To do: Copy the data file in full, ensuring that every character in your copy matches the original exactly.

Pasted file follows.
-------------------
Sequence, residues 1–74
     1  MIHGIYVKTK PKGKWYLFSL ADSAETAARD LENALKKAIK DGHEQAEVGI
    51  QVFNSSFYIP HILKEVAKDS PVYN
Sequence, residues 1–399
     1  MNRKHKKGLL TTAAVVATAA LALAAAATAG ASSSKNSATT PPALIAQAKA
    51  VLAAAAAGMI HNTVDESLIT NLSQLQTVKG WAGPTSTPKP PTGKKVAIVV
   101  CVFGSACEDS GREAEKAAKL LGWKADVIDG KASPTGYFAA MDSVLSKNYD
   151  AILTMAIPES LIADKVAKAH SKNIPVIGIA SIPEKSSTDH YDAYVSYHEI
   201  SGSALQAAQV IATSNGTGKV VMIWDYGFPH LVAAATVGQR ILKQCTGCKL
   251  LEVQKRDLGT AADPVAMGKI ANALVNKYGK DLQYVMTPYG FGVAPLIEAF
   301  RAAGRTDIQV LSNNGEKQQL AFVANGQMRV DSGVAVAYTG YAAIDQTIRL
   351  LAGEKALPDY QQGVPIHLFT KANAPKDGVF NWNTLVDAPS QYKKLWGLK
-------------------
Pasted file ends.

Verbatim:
Sequence, residues 1–74
     1  MIHGIYVKTK PKGKWYLFSL ADSAETAARD LENALKKAIK DGHEQAEVGI
    51  QVFNSSFYIP HILKEVAKDS PVYN
Sequence, residues 1–399
     1  MNRKHKKGLL TTAAVVATAA LALAAAATAG ASSSKNSATT PPALIAQAKA
    51  VLAAAAAGMI HNTVDESLIT NLSQLQTVKG WAGPTSTPKP PTGKKVAIVV
   101  CVFGSACEDS GREAEKAAKL LGWKADVIDG KASPTGYFAA MDSVLSKNYD
   151  AILTMAIPES LIADKVAKAH SKNIPVIGIA SIPEKSSTDH YDAYVSYHEI
   201  SGSALQAAQV IATSNGTGKV VMIWDYGFPH LVAAATVGQR ILKQCTGCKL
   251  LEVQKRDLGT AADPVAMGKI ANALVNKYGK DLQYVMTPYG FGVAPLIEAF
   301  RAAGRTDIQV LSNNGEKQQL AFVANGQMRV DSGVAVAYTG YAAIDQTIRL
   351  LAGEKALPDY QQGVPIHLFT KANAPKDGVF NWNTLVDAPS QYKKLWGLK